One popular method utilizes an open grid arrangement with the track being anchored to wood splines which are supported by elevating longitudinal and cross members of small cross section wood. Constructing this can be reasonably labor intensive, but it has the advantage of being an extremely flexible arrangement for benchwork. Any configuration of valleys, hills, mountains, and plains can easily be created within the open framework of the benchwork. Altering the height of the risers can provide additional versatility and stretch the scenery options beyond accepted parameters. There is no fun in constructing the model railroad benchwork only you discover that you can’t easily reach a derailed engine on a back section of track without using extendable tongs of some other piece of equipment. The same goes for model buildings that can’t easily be lifted for the occasional dusting. All areas of the benchwork need to be reasonably easy to access regardless of whether you are operating N scale, OO gauge, or HO scale trains.
Another method commonly called the cookie cutter approach, starts with a flat baseboard, and continues with track being either directly attached or possibly elevated. The remaining sections of flat board are then cut out in the shapes of the terrain features.
A third method which incidentally has become more popular over recent years is to begin with a large sheet of extruded foam insulation board contained within a wood framework. The foam board can easily be cut and worked with knives, or a hot wire, or similar tools. Extruded foam can be cut out much more easily with this cookie cutter approach than you could of using a plywood base. The extruded foam board can also be utilized to elevate the track, or to form inclines, and it can be built up into hills and mountains, or cut out to shape riverbeds and stream channels. Joining the foam board is easily when using a construction adhesive such as Liquid Nails. It is fair to say this benchwork construction method has really revolutionized the process of building and laying model railroad scenery.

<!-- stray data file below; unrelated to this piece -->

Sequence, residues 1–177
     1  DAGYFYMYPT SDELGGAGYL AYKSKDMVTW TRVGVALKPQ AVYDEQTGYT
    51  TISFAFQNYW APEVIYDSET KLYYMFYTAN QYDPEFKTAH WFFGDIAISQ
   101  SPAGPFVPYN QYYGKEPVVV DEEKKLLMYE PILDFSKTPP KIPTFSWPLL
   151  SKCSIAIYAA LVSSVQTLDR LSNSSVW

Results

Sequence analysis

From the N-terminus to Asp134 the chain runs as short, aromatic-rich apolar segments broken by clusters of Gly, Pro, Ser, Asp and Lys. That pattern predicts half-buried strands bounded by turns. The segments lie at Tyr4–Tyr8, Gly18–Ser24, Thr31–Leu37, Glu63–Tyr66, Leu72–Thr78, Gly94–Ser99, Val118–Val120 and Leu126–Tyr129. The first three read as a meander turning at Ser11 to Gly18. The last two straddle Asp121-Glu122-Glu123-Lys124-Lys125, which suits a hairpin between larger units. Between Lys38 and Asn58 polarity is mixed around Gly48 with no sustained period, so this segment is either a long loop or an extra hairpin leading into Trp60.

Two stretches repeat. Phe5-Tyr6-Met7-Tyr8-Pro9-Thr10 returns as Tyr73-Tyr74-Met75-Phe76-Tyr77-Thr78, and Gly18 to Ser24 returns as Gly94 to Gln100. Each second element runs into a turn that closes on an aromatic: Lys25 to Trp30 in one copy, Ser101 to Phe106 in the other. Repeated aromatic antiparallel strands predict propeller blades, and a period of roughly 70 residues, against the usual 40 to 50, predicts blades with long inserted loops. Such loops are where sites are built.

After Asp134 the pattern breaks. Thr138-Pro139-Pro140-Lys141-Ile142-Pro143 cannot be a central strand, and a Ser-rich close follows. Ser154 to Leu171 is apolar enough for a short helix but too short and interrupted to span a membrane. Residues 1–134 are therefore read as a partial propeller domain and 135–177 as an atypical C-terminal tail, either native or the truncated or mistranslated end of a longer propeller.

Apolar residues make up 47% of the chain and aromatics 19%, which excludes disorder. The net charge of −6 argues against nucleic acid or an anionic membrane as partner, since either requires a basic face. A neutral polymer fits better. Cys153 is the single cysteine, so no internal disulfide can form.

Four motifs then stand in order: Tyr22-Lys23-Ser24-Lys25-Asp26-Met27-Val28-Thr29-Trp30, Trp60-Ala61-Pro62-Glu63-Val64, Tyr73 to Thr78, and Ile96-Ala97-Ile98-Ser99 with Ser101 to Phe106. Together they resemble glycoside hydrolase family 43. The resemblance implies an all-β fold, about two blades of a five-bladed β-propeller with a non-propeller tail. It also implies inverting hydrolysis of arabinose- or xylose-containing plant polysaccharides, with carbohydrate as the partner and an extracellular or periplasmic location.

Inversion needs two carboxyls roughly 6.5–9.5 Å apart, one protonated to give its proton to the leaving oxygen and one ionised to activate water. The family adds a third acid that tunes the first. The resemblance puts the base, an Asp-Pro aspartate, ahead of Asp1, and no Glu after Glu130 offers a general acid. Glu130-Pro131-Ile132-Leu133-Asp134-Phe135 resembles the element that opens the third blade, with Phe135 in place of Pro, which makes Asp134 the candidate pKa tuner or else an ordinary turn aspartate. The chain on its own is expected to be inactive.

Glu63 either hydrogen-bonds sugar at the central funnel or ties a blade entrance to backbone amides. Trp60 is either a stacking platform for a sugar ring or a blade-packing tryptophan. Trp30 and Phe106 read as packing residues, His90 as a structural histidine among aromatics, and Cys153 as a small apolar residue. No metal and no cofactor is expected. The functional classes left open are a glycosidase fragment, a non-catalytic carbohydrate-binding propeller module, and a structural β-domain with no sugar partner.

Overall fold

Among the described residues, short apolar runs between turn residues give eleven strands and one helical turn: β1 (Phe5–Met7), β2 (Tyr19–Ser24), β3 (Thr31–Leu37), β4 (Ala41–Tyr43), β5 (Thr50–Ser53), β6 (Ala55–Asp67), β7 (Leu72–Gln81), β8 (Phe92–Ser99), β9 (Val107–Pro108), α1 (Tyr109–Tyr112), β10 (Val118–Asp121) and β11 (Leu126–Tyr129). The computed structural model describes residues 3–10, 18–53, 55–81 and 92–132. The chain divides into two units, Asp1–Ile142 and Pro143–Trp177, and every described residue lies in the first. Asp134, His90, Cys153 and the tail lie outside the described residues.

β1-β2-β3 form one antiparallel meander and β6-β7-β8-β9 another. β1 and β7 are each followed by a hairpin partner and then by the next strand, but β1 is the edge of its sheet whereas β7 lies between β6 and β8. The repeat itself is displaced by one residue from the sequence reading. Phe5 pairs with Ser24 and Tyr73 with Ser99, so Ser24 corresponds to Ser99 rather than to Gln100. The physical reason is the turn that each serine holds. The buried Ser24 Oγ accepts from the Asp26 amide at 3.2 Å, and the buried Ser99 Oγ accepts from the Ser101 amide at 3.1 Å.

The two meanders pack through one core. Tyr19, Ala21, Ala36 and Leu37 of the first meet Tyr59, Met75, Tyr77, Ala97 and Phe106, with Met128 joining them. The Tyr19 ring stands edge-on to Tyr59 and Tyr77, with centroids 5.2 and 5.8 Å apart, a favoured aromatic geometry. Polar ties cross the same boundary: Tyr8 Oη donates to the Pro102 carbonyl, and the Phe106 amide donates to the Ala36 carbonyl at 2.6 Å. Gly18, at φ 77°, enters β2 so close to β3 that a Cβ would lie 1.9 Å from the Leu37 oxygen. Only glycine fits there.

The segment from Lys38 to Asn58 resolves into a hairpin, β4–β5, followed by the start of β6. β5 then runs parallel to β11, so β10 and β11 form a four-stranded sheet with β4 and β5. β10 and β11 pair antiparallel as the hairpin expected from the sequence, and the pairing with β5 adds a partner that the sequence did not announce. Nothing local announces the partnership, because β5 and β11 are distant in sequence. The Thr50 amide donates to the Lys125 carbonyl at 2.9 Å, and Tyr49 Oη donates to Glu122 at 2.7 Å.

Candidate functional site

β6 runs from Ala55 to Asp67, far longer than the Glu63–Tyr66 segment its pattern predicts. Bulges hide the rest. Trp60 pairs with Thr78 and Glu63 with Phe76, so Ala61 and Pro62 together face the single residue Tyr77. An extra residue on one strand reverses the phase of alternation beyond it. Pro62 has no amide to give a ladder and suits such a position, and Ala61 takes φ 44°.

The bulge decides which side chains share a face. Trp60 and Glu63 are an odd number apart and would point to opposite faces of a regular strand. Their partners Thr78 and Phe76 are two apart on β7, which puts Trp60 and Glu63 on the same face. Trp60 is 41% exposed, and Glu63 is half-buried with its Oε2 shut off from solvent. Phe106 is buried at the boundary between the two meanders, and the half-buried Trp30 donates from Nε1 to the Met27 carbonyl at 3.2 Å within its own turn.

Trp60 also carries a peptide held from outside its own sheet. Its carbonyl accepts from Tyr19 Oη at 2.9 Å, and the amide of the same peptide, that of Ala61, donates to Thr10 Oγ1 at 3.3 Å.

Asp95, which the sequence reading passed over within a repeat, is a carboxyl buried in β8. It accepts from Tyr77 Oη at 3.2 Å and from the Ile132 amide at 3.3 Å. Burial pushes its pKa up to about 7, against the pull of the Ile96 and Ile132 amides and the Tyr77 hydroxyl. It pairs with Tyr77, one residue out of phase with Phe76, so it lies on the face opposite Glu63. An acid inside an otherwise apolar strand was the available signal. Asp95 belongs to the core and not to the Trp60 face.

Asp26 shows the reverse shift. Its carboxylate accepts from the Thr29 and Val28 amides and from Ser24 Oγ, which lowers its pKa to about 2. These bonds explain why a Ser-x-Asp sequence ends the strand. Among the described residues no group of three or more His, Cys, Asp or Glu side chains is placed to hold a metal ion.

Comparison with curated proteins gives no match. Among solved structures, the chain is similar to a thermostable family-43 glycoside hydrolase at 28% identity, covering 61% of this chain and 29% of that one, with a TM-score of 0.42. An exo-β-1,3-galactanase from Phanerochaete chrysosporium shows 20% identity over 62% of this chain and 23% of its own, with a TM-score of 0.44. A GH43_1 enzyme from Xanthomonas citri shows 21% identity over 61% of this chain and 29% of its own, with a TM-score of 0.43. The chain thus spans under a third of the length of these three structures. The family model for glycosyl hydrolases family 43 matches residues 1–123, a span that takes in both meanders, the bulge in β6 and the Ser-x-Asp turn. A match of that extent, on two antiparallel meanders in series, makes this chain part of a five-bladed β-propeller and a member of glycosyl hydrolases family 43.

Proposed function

Whether you are building an “L girder” design with open framework where the cross sections of the strip wood girders resemble the letter “L”, or using another method of construction, the strength and functionality needs to be paramount. Everything from the legs, to the joists and risers need to be sturdy and not bend or break over time.